If you are unfamiliar with the term ‘sexting’ it is the distribution of intimate images of other people via sms. With the growing access to camera phones which can be used to photograph someone, and then easily shared, it has become necessary to protect those that have not provided their consent for an intimate photograph of them to be distributed to others. Victoria is one of the first states to make the sending of these images illegal with new laws passed in Parliament under the Crimes Amendment (Sexual Offences and Other Matters) Bill 2014, which amends to the Summary Offences Act 1966. Two new summary offences have been created for threatening to distribute of an intimate image, and distributing an intimate image which has been deemed to be against community standards of acceptable conduct. The new laws are designed to send a clear message that the malicious use of intimate images to embarrass, and degenerate, a person is not acceptable and is a criminal offence. Sexting can cause considerable harm to people especially when an image goes viral.
What is an intimate image under the new laws?
Division 4A of Part 1 of the Summary Offences Act 1966 will see the addition of sections 41DA and 41DB, along with new definitions relating to community standards of acceptable behaviour, consent, and intimate image. When the court is determining if an image is contrary to community standards of acceptable conduct, it is to have regard to the nature and content of the image; the circumstances in which the image was taken; the circumstances in which the image was distributed; the age, intellectual capacity, vulnerability or other relevant circumstances of the person in the image; and the degree to which the distribution of the image affects the privacy of the person in the image. The new offences will not apply if consent was obtained which means by a ‘free agreement’, and is consistent with the current meaning relating to sexual offences. An intimate image means a moving, or still, image that depicts a person engage in sexual activity; a person in a manner, or a context, that is sexual; or the genital, or anal, region of a person, or in the case of a female, the breasts. It is important that the images are viewed in the context of acceptable community standard, and each case will be reviewed on the particular circumstances surrounding the image.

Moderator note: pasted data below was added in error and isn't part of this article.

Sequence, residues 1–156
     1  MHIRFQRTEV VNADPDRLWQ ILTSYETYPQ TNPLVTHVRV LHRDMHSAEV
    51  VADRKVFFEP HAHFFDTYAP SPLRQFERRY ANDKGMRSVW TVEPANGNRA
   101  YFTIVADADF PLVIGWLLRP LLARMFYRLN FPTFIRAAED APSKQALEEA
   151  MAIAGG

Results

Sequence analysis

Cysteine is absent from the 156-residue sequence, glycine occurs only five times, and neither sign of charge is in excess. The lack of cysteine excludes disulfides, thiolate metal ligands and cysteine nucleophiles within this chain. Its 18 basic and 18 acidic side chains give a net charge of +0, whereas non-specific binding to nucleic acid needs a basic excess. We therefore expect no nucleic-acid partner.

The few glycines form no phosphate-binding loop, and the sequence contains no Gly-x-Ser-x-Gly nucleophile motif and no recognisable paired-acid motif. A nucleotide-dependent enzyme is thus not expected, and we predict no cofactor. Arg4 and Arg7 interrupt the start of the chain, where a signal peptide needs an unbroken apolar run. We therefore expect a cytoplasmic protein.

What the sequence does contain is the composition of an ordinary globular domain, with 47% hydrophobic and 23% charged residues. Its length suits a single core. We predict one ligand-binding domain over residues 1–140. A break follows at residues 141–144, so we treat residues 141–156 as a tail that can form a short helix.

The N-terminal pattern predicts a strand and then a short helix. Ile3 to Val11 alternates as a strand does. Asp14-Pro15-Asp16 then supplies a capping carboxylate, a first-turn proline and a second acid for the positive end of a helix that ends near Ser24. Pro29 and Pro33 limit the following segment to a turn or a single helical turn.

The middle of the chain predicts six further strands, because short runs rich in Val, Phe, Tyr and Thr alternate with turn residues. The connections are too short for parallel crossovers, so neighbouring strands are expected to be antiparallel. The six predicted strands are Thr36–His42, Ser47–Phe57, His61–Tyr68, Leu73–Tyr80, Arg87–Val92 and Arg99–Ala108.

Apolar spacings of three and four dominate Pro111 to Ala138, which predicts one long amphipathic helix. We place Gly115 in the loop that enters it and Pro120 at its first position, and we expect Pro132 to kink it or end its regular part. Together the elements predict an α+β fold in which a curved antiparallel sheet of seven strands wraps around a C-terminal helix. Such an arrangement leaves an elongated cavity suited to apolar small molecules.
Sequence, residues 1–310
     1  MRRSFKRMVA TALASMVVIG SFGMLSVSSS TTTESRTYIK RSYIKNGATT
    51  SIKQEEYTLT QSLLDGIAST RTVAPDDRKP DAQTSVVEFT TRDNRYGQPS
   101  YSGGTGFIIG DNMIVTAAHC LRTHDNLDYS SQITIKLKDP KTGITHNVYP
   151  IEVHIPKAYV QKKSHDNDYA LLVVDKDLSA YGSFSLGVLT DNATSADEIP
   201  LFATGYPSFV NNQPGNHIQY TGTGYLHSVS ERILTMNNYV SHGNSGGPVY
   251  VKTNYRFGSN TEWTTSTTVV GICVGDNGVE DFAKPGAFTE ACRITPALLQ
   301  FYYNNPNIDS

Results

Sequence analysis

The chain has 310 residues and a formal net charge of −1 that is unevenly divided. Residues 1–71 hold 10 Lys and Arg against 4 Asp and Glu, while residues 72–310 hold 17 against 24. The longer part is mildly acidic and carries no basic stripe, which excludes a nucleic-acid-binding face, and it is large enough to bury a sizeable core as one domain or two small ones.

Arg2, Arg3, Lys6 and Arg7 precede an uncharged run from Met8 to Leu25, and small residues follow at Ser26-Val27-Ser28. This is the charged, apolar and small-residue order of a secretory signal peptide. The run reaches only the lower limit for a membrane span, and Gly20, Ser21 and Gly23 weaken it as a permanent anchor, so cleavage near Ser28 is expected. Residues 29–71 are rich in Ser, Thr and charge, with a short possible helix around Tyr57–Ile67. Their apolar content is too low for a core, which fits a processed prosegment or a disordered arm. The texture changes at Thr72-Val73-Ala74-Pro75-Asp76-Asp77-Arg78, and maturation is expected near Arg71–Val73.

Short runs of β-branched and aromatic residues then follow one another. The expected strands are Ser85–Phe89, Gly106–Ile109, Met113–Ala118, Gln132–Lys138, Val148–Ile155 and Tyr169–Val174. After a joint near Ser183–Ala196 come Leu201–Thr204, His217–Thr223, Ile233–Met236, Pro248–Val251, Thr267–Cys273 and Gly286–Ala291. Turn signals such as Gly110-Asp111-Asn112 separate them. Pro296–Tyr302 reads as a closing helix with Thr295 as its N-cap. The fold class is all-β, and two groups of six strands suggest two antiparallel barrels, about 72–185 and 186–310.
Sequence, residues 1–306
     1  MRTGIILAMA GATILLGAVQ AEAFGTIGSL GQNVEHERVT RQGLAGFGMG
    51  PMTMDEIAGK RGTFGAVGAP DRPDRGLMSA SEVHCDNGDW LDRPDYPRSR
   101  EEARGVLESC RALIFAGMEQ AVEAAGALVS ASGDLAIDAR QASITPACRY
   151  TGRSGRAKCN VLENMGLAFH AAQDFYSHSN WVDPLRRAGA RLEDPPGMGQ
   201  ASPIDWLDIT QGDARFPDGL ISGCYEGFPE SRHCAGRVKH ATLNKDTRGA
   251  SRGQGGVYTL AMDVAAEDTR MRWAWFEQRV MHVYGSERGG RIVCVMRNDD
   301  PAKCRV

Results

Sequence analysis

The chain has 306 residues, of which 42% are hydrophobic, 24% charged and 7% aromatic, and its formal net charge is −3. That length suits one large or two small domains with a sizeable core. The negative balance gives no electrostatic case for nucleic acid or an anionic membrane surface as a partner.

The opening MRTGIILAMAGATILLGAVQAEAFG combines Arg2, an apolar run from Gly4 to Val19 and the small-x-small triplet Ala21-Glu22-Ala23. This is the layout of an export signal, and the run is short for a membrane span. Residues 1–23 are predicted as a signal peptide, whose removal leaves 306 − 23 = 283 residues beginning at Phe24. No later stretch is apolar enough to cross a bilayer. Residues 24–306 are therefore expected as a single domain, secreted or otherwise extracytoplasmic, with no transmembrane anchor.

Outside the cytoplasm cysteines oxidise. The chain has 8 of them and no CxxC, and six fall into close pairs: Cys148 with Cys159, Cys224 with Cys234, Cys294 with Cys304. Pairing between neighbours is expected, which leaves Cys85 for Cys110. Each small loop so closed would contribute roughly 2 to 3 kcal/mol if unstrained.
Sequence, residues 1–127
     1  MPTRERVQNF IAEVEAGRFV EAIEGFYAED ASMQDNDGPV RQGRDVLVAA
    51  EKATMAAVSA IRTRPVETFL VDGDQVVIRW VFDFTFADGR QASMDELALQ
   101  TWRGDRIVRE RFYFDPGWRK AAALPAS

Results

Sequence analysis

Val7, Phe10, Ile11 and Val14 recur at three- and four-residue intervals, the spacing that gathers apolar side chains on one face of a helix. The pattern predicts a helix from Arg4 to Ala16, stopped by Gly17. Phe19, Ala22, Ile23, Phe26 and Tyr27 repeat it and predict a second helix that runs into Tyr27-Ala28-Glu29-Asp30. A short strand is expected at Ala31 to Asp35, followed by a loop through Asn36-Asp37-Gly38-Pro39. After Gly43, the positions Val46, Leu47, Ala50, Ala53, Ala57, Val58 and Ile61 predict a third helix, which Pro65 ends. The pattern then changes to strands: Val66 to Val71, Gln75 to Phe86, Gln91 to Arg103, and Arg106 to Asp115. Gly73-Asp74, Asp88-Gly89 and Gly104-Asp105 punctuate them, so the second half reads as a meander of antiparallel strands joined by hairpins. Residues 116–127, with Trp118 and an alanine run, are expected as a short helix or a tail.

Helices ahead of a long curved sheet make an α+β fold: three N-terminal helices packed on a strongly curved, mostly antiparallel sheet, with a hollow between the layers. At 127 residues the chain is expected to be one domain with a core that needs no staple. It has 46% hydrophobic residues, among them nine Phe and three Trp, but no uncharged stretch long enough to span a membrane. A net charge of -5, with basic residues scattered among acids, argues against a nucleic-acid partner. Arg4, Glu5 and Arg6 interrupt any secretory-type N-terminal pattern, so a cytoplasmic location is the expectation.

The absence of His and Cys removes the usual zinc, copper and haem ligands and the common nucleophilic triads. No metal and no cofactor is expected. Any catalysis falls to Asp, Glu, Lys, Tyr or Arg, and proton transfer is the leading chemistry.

What are the Penalties for intimate image offences?
If a person intentionally distributes an intimate image of another person to someone other than the person in the image, and the distribution is contrary to community standards of acceptable conduct, they will be guilty of an offence under Section 41DA Distribution of intimate image. The offence will be punishable by a maximum term of imprisonment of 2 years. If a person threatens to distribute an intimate image, and that image would be contrary to community standards, and the person truly believes they will carry out the threat then they are guilty of an offence. The offence will be punishable by a maximum term of imprisonment of 1 year.
How do these new laws affect minors under the age of 18?
Amendments have also been made so that it is no longer illegal for someone under the age of 18 to create, store, or distribute a sext of someone who is less than two years younger than them, as long as they have their permission. Also the consent component of 41DA does not apply to someone under the age of 18 if the offender is over the age of 18. If the person whose image is depicted is under 18 years of age this will also be a factor in addressing whether the distribution is contrary to community standards due to their greater vulnerability and need for protection.